GENGHIS KHAN AND THE MAKING OF THE MODERN WORLD

Jack Weatherford, Author
Jack Weatherford, Author . Crown $25 (352p) ISBN 978-0-609-61062-6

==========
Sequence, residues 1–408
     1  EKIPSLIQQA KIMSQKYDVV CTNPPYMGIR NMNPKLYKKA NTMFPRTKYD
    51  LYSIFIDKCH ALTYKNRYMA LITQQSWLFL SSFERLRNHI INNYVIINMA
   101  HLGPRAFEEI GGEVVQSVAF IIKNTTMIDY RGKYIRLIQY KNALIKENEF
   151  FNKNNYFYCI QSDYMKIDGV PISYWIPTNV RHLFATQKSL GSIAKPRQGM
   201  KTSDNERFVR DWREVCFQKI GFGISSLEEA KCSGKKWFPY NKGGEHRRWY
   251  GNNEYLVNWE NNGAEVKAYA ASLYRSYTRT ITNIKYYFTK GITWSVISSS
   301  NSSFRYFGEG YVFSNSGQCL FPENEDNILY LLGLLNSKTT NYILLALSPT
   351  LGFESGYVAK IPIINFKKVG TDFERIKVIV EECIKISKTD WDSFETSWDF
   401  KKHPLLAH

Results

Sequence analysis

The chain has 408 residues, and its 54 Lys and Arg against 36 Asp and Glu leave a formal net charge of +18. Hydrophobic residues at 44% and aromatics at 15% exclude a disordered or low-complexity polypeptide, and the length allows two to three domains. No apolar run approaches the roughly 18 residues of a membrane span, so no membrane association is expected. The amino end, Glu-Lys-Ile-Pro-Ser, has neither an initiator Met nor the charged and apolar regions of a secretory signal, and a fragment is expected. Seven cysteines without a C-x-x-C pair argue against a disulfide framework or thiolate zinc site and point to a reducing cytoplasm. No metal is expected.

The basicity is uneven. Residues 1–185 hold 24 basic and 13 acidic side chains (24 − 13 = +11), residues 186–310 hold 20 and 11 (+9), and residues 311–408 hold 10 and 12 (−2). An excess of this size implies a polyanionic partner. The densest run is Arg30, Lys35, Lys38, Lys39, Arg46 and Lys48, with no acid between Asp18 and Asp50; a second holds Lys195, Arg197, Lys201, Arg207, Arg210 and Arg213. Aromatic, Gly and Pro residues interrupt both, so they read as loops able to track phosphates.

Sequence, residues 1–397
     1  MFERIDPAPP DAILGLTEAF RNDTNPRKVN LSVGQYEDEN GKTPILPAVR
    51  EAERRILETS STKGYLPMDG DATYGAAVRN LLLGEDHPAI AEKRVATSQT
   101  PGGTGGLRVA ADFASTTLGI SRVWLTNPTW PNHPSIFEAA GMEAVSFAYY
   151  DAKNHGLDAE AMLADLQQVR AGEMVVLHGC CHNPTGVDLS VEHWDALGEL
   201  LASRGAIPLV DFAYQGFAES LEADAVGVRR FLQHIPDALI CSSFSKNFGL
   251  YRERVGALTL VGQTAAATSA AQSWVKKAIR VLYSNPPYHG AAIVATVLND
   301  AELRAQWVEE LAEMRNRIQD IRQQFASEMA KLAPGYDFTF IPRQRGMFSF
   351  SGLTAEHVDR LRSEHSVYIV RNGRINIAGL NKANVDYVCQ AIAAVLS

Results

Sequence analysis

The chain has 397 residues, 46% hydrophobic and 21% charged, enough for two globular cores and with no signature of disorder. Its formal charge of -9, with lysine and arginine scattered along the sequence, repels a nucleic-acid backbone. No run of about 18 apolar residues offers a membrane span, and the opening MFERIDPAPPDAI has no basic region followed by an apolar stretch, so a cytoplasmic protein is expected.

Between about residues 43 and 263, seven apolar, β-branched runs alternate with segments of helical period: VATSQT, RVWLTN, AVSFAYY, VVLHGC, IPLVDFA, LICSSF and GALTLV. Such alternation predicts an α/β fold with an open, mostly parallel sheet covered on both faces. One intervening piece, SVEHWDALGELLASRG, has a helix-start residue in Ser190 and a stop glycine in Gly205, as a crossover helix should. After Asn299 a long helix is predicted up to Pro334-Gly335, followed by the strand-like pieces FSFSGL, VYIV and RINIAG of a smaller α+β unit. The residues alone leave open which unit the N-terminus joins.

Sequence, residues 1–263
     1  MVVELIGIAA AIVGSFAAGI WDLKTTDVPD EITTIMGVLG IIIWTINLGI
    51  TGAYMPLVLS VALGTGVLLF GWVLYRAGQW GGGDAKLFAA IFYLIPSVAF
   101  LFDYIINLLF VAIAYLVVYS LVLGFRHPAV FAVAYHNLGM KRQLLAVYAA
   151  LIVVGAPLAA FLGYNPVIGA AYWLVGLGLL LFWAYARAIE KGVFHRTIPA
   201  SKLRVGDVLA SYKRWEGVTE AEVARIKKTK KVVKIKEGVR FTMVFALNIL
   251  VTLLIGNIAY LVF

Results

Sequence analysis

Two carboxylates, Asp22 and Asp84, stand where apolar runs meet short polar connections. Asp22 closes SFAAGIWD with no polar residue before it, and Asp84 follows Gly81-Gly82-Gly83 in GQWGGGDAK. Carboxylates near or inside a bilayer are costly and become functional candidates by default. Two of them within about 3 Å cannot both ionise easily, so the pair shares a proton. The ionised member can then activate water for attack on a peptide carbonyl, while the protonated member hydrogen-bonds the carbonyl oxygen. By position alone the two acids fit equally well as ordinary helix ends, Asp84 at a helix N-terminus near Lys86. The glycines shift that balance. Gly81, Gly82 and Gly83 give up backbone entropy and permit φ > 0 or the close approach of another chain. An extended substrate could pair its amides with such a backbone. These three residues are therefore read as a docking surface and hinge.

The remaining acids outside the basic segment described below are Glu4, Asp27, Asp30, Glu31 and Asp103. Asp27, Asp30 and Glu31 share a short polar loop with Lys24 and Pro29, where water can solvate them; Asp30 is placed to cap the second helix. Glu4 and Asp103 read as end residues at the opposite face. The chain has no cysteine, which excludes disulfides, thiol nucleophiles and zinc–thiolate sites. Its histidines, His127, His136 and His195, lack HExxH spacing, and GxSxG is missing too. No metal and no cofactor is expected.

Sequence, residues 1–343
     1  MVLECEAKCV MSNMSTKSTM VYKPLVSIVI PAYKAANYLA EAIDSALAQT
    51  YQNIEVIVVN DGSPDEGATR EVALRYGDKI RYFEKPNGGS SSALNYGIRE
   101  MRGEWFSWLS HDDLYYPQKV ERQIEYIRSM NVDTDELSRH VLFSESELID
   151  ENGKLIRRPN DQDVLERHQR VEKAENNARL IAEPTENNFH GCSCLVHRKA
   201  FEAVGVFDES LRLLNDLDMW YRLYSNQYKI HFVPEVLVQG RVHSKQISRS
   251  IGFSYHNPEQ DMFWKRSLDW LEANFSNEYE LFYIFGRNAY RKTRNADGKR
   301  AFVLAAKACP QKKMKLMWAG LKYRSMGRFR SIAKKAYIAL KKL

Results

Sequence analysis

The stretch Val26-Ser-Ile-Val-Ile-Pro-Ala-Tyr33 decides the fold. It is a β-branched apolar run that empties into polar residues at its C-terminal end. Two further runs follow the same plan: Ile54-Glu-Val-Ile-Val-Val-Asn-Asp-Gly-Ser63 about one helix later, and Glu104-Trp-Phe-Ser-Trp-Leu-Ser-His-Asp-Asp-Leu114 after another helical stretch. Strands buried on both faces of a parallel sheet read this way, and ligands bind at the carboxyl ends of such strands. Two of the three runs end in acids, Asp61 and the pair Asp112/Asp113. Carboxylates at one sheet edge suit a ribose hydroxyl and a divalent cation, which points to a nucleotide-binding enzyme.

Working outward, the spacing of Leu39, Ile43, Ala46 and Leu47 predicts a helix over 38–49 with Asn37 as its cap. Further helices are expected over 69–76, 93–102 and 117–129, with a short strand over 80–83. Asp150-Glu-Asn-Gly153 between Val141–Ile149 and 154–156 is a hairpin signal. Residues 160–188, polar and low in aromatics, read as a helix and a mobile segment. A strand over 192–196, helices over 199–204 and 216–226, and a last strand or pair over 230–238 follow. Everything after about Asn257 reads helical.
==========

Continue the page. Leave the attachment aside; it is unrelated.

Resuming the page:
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Apart from its inapt title—Genghis Khan dies rather early on in this account and many of the battles are led by his numerous offspring—this book is a successful account of the century of turmoil brought to the world by a then little-known nation of itinerant hunters. In researching this book, Weatherford (Savages and Civilization ), a professor of anthropology at Macalaster College, traveled thousands of miles, many on horseback, tracing Genghis Khan's steps into places unseen by Westerners since the khan's death and employing what he calls an "archeology of movement." Weatherford knows the story of the medieval Mongol conquests is gripping enough not to need superfluous embellishments—the personalities and the wars they waged provide plenty of color and suspense. In just 25 years, in a manner that inspired the blitzkrieg, the Mongols conquered more lands and people than the Romans had in over 400 years. Without pausing for too many digressions, Weatherford's brisk description of the Mongol military campaign and its revolutionary aspects analyzes the rout of imperial China, a siege of Baghdad and the razing of numerous European castles. On a smaller scale, Weatherford also devotes much attention to dismantling our notions of Genghis Khan as a brute. By his telling, the great general was a secular but faithful Christian, a progressive free trader, a regretful failed parent and a loving if polygamous husband. With appreciative descriptions of the sometimes tender tyrant, this chronicle supplies just enough personal and world history to satisfy any reader. (Mar. 23)

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